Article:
The long-term consequences of maternal LPS exposure

LPS, lipopolysaccharide, or better lipopolysaccharides are a group of large molecules consisting of a lipid attached to a polysaccharide. They are found on the outer cell membrane of Gram-negative bacteria and act as an endotoxin. It binds to the CD14/TLR4/MD2 receptor complex that can be found on the membrane of several immune cells (monocytes, dendritic cells, macrophages and B cells). Like PolyI:C, prenatal LPS, while not crossing the blood placental barrier, activates the maternal immune system which ultimately affect the foetus. We currently have two projects aimed at investigating the long-term consequences… Read More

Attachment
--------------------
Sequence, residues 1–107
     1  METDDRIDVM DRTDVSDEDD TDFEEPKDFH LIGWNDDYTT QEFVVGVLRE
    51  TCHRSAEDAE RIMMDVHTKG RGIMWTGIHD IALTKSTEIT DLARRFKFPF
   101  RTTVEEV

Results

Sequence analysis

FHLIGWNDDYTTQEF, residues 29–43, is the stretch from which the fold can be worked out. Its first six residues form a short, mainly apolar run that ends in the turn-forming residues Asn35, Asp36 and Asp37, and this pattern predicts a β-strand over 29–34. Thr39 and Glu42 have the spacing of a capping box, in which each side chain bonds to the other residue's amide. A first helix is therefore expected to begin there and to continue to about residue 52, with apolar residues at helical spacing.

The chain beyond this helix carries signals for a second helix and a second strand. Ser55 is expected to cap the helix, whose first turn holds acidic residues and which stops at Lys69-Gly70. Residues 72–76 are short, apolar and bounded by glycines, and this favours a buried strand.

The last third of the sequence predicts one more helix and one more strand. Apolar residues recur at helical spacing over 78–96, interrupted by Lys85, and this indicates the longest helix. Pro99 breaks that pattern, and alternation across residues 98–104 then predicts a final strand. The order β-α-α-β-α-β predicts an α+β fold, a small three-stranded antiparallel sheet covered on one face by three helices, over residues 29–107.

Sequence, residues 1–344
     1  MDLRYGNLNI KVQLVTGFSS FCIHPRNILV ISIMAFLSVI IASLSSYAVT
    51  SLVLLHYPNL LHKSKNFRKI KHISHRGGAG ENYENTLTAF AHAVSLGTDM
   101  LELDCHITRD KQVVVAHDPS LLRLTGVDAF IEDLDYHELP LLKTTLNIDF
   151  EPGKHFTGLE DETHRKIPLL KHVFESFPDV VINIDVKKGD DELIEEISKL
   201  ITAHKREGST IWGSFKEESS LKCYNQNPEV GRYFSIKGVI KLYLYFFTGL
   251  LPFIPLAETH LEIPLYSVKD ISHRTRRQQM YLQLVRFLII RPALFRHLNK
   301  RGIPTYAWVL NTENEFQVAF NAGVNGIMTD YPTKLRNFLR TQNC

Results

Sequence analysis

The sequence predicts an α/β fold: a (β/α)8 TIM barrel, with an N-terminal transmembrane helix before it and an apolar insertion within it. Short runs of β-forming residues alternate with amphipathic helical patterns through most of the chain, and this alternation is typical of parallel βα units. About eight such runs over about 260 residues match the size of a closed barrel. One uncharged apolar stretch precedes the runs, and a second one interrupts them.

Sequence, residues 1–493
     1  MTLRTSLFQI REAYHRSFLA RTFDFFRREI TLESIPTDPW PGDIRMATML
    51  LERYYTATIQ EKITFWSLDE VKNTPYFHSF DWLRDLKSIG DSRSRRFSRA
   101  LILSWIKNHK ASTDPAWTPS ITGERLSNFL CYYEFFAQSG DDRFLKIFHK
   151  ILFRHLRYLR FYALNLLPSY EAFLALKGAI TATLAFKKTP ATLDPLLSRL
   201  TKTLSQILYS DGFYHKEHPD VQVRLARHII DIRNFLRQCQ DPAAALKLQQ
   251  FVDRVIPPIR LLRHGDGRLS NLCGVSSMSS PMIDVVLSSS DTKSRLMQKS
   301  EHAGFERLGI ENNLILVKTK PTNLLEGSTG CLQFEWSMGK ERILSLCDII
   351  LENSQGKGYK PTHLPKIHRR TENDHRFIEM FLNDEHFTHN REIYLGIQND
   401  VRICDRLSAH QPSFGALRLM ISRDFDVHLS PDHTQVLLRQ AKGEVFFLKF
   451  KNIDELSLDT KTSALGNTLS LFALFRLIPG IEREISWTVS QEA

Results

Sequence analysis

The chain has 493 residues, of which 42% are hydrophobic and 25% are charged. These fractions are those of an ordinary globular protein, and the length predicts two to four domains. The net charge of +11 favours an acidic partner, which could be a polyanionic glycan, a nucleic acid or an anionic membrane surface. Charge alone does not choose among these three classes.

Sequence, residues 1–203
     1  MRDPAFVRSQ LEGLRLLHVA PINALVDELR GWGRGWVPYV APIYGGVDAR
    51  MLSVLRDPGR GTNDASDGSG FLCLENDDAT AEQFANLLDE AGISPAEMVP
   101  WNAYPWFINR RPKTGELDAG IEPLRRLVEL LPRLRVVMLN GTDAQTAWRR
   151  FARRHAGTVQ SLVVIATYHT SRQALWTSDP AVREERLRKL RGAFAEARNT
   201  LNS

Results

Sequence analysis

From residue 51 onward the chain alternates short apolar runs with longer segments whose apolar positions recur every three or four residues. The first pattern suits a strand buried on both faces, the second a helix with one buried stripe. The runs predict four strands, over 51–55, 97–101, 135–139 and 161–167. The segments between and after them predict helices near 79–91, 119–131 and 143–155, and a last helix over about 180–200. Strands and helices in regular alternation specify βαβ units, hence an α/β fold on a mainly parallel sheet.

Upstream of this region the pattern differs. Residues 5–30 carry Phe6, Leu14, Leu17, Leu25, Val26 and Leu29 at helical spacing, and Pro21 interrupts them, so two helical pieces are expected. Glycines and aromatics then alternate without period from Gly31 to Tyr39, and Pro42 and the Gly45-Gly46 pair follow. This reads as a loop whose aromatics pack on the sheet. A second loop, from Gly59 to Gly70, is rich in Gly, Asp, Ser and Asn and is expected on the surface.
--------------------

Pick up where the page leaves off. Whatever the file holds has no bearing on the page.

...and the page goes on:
The long-term consequences of maternal polyI:C exposure

Polyinosinic:polycytidylic acid (PolyI:C) is an immunostimulant that simulates viral infections. Like viruses, it does not see to cross the blood placental barrier but activates the maternal immune system by stimulating the TLR3 receptor (which is found on several immune cells, such as B-cells, macrophages and dendritic cells). Components of the maternal immune system, such as interleukin-6 and others are known to cross the blood placental barrier to reach the foetal brain. Interleukins are known to activate microglia (the brain’s immune system) and during development can cause, what is known as a cytokine… Read More